Reserve Bank of New Zealand Makes Aggressive Cash Rate Hike to 5.25 Percent


The Reserve Bank of New Zealand (RBNZ) has made its 11th consecutive official cash rate (OCR) hike, up another 50 basis points to 5.25 percent.

This was above the market expectations of a 25 basis point hike and ease its pace of tightening.

The Monetary Policy Committee noted that the recent data, including a fall in GDP in the last quarter of 2022, suggested that the level of economic activity is lower than what was assumed in the previous monetary policy statement.

“Committee members observed that inflation is nevertheless still too high and persistent, and employment is beyond its maximum sustainable level,” they said. “The Committee agreed it must continue to increase the OCR to return inflation to the one to three percent target and to fulfil its remit.”

They added that they were comfortable that current lending rates were keeping a cap on core inflation but noted that wholesale interest rates had actually fallen in recent times.

“As a result, a 50 basis point increase in the OCR was seen as helping to maintain the current lending rates faced by businesses and households while also supporting an increase in retail deposit rates,” they said.

Looking forward, the committee is expecting a continued slowing in domestic demand, the extent of which will determine future monetary policy decisions.

According to the latest data by New Zealand’s official data agency, Stats NZ, inflation remained stubbornly high at 7.2 percent in 2022. The next inflation update for the March quarter will be released on April 20.

The OCR has increased by five percentage points over 18 months.

Walk the Talk

Brad Olsen, the chief economist at Infometrics, said the inflation fight was still the “name of the game” and that the RBNZ was fighting it with “all guns blazing.”

“I think a key part of today’s decision is that there was virtually no market response to the 50bp increase in Feb. One year fixed mortgage rates remain at around 6.50 percent—RBNZ has been talking a big talk and has backed that up with action,” he wrote on Twitter.

Abhijit Surya, the economist for Capital Economics, said the “hawkish” RBNZ would send New Zealand into recession.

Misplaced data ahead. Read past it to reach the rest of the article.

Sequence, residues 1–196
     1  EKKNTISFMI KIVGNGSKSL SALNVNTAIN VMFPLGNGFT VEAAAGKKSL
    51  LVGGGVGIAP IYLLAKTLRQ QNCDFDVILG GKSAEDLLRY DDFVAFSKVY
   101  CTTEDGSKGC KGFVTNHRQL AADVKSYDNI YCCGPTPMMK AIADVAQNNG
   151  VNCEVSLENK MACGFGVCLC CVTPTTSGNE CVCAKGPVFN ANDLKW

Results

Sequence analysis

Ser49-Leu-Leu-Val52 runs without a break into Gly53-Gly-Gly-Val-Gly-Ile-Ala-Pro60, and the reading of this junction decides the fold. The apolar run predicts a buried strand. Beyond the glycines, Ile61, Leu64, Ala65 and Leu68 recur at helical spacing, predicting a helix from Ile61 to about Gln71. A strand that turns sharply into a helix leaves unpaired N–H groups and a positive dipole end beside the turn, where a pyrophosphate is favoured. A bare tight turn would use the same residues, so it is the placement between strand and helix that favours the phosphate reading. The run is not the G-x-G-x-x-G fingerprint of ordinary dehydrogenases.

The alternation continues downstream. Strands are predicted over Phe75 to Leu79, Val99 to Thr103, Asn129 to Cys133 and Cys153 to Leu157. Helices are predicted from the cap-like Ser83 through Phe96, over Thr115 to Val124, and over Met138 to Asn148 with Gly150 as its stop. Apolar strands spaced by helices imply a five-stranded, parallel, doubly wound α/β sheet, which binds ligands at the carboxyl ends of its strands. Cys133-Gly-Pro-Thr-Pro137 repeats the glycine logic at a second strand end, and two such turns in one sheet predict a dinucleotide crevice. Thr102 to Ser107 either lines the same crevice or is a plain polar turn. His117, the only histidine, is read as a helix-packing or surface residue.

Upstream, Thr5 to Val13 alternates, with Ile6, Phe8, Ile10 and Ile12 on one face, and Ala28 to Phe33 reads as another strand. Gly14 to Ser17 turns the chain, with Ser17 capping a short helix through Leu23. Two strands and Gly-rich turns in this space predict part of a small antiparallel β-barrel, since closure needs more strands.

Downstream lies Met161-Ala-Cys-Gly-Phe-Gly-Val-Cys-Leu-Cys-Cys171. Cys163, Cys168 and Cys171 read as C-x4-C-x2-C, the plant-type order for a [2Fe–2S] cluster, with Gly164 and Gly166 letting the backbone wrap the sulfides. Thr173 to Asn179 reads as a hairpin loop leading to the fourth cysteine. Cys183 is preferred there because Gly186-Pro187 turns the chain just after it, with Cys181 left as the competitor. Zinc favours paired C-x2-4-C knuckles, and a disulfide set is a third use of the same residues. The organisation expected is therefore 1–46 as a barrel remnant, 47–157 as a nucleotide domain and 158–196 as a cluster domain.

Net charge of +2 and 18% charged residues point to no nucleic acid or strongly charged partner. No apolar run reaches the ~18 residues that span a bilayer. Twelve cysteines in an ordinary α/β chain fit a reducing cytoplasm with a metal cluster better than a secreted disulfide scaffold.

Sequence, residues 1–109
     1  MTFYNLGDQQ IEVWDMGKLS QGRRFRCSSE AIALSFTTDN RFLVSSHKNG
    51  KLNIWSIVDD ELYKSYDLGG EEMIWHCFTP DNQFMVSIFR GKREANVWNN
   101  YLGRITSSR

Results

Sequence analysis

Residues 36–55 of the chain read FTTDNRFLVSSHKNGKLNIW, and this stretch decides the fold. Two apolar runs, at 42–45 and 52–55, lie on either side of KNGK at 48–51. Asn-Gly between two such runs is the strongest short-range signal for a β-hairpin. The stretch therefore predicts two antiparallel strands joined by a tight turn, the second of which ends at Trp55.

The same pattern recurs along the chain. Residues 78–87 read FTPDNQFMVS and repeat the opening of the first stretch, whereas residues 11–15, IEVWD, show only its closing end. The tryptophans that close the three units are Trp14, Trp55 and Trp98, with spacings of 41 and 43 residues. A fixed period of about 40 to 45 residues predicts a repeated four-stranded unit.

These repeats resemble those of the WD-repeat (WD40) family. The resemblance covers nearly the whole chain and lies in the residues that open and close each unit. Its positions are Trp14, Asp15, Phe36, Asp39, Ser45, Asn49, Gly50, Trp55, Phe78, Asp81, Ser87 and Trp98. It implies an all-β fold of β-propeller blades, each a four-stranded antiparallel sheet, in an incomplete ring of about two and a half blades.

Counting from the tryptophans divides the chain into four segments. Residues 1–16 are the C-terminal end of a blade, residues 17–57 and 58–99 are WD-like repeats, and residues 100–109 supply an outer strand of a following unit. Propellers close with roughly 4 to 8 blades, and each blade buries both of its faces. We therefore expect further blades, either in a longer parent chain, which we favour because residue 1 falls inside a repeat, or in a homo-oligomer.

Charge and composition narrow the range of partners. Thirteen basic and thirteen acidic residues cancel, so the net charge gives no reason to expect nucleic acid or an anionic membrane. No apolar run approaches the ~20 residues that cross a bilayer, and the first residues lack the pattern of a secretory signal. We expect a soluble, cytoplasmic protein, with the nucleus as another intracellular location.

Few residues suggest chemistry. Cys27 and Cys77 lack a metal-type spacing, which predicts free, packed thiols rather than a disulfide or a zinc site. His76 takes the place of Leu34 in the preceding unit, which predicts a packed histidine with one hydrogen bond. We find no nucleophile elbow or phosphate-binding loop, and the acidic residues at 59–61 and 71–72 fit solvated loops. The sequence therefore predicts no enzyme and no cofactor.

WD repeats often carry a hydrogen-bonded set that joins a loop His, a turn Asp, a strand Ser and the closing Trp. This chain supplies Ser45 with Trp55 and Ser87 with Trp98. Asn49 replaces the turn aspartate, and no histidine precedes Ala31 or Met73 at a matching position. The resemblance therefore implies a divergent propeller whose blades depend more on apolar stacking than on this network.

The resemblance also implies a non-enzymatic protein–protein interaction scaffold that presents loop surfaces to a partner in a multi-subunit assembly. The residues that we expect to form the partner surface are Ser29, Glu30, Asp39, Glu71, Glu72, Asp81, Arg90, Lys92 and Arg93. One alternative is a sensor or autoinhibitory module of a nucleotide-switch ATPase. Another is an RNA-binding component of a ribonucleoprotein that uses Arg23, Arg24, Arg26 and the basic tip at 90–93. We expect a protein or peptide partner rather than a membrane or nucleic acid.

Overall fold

National’s finance spokesperson Nicola Willis said the hike was a “punch in the guts” for New Zealand families.

“Mortgage holders up and down the country were holding their breath and hoping for some relief. Instead, they’ve been given another punch in the guts,” she said.

“Around half of New Zealand mortgage holders will be re-fixing their mortgages in the next six months, meaning many will see their interest rates double from three percent or less to more than six percent.”

She added that the rapid pace of the current tightening cycle will leave many “scrambling.”

“Sadly, for too many Kiwis, this will be the punch that sends them off the edge into mortgage arrears, unwanted house sales and financial distress,” Willis said.

Trade Unions Call For Rate Hike Pause

Meanwhile, the New Zealand Council of Trade Unions (NZCTU) said the central bank should pause before considering any further hikes.

“Internationally, inflation is falling in advanced economies,” NZCTU economist Craig Renney said.

“Some Reserve Banks, such as the Reserve Bank of Australia, are holding their interest rates. They have recognised that monetary policy operates with a significant lag, meaning that much of the impact of the increased interest rates have yet to be felt.”

He added that the monetary policy statement made little mention of its impact on employment.

“Unemployment in New Zealand has been rising in recent quarters, and too many New Zealanders are underutilised in the labour market,” he said. “To say that unemployment is above its maximum sustainable level is to accept that tens of thousands more Kiwis must become unemployed.”

Adrian Orr, governor of the Reserve Bank of New Zealand (RBNZ), previously admitted the bank was engineering a recession to lower inflation.

“We are deliberately trying to slow aggregate spending in the economy. The quicker inflation expectations come down, the less work we need to do and the less likely it is that we have a prolonged period of low or negative growth,” he said in November.

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